Generate income while waiting to claim Social Security


Four ways you can generate income.

When you begin to claim your Social Security benefits is a personal decision affected by many factors. Generally, if you can, it’s best to wait until you reach full retirement age—or longer. If you wait to claim Social Security after your full retirement age, your benefits increase by a fraction of a percentage each month, up to age 70. But you’ll need income to live off of in the meantime.

Here are four ideas to help you generate income while you’re waiting to claim Social Security.

Ladder CDs and bonds

With both certificates of deposits (CDs) and bonds, you invest a certain dollar amount for a number of years, and then receive back your initial investment plus the interest it has earned. You can ladder CDs and bonds by buying investments that mature at different rates—say one, two, three and five years.

If interest rates are low, consider buying shorter-term CDs and bonds and then reinvest matured funds at a higher interest rate.


You can structure an annuity to pay out funds beginning at a certain date and continuing monthly, quarterly or annually for a fixed amount of time...say, until you claim your Social Security benefits.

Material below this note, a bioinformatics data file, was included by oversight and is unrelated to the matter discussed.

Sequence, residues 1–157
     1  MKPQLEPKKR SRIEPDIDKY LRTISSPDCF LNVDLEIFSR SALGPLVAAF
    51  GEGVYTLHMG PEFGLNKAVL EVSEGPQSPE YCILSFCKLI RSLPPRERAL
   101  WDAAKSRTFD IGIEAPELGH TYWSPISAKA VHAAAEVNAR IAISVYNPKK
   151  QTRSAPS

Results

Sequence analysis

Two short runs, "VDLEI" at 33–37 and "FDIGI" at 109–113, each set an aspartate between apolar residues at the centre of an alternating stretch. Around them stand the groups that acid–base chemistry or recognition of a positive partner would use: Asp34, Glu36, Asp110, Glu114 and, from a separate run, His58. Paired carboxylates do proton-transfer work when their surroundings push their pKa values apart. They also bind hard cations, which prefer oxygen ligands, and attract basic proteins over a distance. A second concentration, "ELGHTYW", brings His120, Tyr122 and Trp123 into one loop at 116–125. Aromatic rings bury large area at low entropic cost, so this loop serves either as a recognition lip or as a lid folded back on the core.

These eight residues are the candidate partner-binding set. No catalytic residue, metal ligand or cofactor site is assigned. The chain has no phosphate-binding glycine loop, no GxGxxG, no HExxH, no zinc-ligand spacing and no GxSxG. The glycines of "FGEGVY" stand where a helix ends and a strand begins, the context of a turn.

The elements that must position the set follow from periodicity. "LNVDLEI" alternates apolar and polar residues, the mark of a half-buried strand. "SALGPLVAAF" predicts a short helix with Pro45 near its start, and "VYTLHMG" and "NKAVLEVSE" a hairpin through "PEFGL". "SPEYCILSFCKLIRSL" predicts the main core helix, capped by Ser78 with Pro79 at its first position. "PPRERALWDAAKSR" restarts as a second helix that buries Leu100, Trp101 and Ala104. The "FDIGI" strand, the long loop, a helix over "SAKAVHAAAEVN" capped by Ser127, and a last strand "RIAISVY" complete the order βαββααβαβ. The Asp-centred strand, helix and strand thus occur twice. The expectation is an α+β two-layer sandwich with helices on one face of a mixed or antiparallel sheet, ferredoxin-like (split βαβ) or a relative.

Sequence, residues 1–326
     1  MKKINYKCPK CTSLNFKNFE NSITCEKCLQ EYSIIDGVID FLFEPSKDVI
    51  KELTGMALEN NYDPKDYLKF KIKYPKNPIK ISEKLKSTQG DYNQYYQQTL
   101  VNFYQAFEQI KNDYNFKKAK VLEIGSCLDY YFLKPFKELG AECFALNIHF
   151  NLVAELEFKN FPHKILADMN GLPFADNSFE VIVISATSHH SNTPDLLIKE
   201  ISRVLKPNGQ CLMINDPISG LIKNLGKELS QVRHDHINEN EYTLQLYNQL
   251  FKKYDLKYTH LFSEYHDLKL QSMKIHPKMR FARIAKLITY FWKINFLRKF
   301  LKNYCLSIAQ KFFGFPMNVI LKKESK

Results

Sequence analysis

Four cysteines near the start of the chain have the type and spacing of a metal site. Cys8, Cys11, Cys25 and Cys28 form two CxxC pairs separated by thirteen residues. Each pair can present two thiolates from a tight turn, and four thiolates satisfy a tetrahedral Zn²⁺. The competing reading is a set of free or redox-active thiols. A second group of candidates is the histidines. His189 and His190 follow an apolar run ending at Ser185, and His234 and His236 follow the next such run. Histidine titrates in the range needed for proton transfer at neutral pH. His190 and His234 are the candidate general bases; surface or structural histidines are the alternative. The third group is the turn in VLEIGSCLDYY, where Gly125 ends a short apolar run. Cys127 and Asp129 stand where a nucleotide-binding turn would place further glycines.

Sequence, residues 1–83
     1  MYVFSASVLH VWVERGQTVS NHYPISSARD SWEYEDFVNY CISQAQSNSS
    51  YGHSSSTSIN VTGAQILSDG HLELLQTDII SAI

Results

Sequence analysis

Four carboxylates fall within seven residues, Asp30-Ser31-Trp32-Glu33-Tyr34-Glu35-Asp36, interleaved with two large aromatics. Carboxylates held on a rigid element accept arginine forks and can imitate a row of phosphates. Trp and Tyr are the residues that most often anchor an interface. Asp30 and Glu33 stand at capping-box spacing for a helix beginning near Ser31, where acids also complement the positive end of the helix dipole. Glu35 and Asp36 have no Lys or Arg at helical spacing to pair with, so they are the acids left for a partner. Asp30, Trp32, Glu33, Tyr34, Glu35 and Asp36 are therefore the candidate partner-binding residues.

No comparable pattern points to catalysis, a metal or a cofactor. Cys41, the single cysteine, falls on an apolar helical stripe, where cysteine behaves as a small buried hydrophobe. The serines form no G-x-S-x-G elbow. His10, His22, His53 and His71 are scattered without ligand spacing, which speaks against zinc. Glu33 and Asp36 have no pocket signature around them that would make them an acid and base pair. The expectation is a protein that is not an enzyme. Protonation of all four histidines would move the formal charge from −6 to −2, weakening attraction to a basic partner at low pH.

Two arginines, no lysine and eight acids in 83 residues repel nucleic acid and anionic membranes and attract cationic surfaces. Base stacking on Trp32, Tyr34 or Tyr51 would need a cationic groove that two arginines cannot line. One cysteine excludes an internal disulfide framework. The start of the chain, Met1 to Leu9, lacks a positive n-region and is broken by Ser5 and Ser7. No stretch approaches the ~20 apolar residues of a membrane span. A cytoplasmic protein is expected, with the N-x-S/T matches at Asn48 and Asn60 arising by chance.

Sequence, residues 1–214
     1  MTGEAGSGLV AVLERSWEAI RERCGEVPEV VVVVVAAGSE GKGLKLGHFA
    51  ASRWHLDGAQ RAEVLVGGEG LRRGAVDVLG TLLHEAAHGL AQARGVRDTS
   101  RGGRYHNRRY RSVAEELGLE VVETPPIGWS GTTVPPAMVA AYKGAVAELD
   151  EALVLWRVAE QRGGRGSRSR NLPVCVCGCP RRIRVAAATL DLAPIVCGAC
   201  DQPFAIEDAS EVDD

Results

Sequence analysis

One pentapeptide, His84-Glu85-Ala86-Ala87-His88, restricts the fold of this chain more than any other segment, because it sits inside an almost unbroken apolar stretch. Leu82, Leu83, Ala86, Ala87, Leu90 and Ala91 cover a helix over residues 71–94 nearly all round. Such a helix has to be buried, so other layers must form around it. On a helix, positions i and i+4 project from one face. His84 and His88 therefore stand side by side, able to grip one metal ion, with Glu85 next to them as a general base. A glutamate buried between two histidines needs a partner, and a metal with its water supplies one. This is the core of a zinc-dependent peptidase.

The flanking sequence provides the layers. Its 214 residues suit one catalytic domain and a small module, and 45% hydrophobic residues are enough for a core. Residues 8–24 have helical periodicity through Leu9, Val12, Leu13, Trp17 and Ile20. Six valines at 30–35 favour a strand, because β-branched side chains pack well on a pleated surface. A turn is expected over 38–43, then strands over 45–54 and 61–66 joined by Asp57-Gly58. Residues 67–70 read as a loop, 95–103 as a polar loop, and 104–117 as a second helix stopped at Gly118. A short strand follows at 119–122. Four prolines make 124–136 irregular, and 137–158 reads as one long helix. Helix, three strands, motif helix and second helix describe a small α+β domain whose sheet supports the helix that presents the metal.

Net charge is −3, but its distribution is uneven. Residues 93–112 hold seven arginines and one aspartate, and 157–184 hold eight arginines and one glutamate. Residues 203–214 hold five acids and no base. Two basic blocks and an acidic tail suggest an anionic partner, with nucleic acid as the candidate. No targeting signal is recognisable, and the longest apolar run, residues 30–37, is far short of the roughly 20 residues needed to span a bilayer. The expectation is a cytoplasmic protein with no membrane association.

Money invested in an annuity grows tax-free, although you will be taxed on earned income when you make withdrawals. (Annuities are known to have high fees, so be sure you understand what you’re purchasing.)  

401(k)s and IRAs

You’ve saved this money for retirement, so take advantage of it! You can begin withdrawing funds from your 401(k) and IRA at age 59½ . And doing so may help with your taxes, too. Depending on your adjusted income, you may be taxed on a portion of your Social Security benefits—generally either 50% or 85% of your benefits could be taxed. But that’s a big jump, and it only requires a modest increase in income to reach that 85% mark.  Withdrawing from your 401(k) or IRA accounts now, before you claim your benefits, could help keep you at the lesser taxable rate. (This handy calculator can help you determine how much of your income will be taxed.)

Working part-time

Yes, you retired for a reason. But working part-time can help supplement your income until you claim your Social Security benefits. And, if you find something you enjoy, you may just want to continue at it when you do begin claiming your benefits! (Working while claiming benefits could potentially reduce your benefits. Learn more here.)

This article contains general information. Individual financial situations are unique; please, consult your financial advisor or tax attorney before utilizing any of the information contained in this article.

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Source: AARP, Kiplinger, Money over 55, iStockAnalyst
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